In vivo outcomes of tissue-engineered osteochondral grafts

B. Sonny Bal*, Mohamed N. Rahaman, Prakash Jayabalan, Keiichi Kuroki, Mary K. Cockrell, Jian Q. Yao, James L. Cook

*Corresponding author for this work

Research output: Contribution to journalArticlepeer-review

48 Scopus citations

Abstract

Tissue-engineered osteochondral grafts have been synthesized from a variety of materials, with some success at repairing chondral defects in animal models. We hypothesized that in tissue-engineered osteochondral grafts synthesized by bonding mesenchymal stem cellloaded hydrogels to a porous material, the choice of the porous scaffold would affect graft healing to host bone, and the quality of cell restoration at the hyaline cartilage surface. Bone marrow-derived allogeneic mesenchymal stem cells were suspended in hydrogels that were attached to cylinders of porous tantalum metal, allograft bone, or a bioactive glass. The tissueengineered osteochondral grafts, thus created were implanted into experimental defects in rabbit knees. Subchondral bone restoration, defect fill, bone ingrowth-implant integration, and articular tissue quality were compared between the three subchondral materials at 6 and 12 weeks. Bioactive glass and porous tantalum were superior to bone allograft in integrating to adjacent host bone, regenerating hyaline-like tissue at the graft surface, and expressing type II collagen in the articular cartilage.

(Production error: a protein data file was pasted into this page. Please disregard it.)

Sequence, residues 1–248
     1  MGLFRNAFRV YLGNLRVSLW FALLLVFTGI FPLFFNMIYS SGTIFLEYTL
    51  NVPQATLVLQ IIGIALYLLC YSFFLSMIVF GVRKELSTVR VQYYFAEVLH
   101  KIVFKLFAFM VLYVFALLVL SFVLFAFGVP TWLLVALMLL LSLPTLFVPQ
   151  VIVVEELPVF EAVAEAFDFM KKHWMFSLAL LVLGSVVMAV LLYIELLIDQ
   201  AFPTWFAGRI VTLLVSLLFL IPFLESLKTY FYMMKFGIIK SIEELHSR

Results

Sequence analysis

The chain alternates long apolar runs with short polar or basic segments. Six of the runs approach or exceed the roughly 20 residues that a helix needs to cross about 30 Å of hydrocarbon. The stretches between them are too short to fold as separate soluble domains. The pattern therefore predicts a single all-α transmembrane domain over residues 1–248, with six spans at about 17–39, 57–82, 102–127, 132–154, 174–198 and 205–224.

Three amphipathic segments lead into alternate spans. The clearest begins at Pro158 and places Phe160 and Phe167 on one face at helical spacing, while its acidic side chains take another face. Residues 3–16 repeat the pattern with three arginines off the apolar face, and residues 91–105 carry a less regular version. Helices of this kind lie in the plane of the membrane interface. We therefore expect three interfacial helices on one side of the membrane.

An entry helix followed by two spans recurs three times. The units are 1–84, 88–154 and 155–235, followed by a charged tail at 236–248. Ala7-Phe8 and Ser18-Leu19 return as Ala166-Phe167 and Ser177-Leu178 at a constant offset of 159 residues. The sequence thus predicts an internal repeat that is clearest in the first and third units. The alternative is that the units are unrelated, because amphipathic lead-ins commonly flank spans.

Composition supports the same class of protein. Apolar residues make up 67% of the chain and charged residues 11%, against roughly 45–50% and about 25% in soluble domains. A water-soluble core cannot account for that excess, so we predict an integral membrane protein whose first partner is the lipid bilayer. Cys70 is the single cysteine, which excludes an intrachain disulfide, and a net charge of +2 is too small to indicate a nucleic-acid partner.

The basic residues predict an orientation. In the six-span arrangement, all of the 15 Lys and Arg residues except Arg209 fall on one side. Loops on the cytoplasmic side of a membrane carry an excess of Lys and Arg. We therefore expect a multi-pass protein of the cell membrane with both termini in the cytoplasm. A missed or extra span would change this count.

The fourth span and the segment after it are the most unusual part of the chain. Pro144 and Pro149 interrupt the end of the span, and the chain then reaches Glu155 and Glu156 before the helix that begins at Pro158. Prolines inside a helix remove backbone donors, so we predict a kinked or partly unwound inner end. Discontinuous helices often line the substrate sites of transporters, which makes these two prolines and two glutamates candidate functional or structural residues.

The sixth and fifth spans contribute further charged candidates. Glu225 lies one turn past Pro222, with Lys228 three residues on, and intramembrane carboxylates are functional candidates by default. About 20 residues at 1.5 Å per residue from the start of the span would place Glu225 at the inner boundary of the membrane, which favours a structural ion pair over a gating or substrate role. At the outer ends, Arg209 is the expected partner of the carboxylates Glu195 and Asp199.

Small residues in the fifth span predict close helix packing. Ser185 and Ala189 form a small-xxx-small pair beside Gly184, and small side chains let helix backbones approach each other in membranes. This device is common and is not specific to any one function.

Original languageEnglish (US)
Pages (from-to)164-174
Number of pages11
JournalJournal of Biomedical Materials Research - Part B Applied Biomaterials
Volume93
Issue number1
DOIs
StatePublished - Apr 1 2010

Keywords

  • Animal model
  • Bone restoration
  • Mesenchymal stem cells
  • Osteochondral grafts
  • Tissue engineering

ASJC Scopus subject areas

  • Biomaterials
  • Biomedical Engineering

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